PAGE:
Montana is the Treasure State and has had its share of metal fevers; gold silver , copper rushes and the like. Most of the those precious commodities are depleted. However, we have a wealth of fine agates in our area for those who know what to look for and where to look. Mother Nature has done her usual breathtaking work of making it one of the most unique gems of its kind.There are several sites in the Sidney area known to many, as agate producers. And since every spring runoff deposits different rocks on the gravel banks of the Yellowstone River, agates turn up every year at the familiar sites. Some sites may be picked over by late summer so it is good to get out as soon as the river drops.
Acre for acre, there are few places in the nation that can boast the abundance of wildlife found the MonDak region. The number of wild species that thrive in the area is as varied as the different types of terrain they inhabit.Most prevalent to the bottom land along the Yellowstone and Missouri River bottoms are the whitetailed deer, whose numbers will astound the visitor. Currently the state game biologists are conducting a study of the Lower Yellowstone whitetail population, which has been labeled the most extensive in the state.Smaller than their cousins, the mule deer, which inhabit the dry hill county, the whitetail travel and feed in herds, so when one is in sight you can safely be assured that others are nearby. In the hills mule deer reign. Much harder to spot than the relatively tame whitetails, the "mulies" stick to the thick patches of brush in the coulees during the days, only emerging onto the open plains to feed in the early morning or late afternoon hours before dark.Although not as numerous as the early settler times, the site of antelope feeding in the pastures alongside cattle is not rare in these parts.In addition to these grazers, numerous fur bearing mammals abound in the area. Beaver, muskrat, mink, bobcat, fox, coyote and weasels can be seen by the quiet and careful animal enthusiast.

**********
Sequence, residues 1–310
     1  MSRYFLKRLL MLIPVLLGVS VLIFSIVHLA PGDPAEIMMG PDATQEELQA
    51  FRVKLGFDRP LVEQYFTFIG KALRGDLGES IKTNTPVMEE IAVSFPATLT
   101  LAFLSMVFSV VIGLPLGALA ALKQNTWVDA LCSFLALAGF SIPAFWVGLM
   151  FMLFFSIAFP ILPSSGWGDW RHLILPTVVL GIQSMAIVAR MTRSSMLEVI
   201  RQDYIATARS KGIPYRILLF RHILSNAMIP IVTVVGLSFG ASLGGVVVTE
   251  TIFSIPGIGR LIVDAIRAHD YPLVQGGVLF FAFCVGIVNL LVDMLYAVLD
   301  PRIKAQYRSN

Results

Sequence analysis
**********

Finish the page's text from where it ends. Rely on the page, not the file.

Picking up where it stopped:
The bird watcher will no doubt be able to fill up his or her notebook, during the summer months, with sightings ranging from the ever present redwing blackbirds to the rare golden Bullfinch, which inhabit the bottom lands.In the water ways, ducks of every breed, from mallard to pintail, squawk and splash in relative safety. On the sandbars and river islands Canadian geese and white pelicans are annual summer visitors. Other feathered friends include several varieties of hawks, falcons, and owls.A pelican? In Montana? For most outsiders, pelicans are birds of the sea coast. But for MonDak natives, the sight of a pelican on the plains is just as acceptable. On any given spring or summer day the chances are good of spotting a group of pelicans on some remote sandbar on the Yellowstone or Missouri Rivers, where they are safe from predators and the noisy intrusion of man. For local river watchers, the fall migration of the pelican is a sure sign of cold weather coming as their returning is of spring.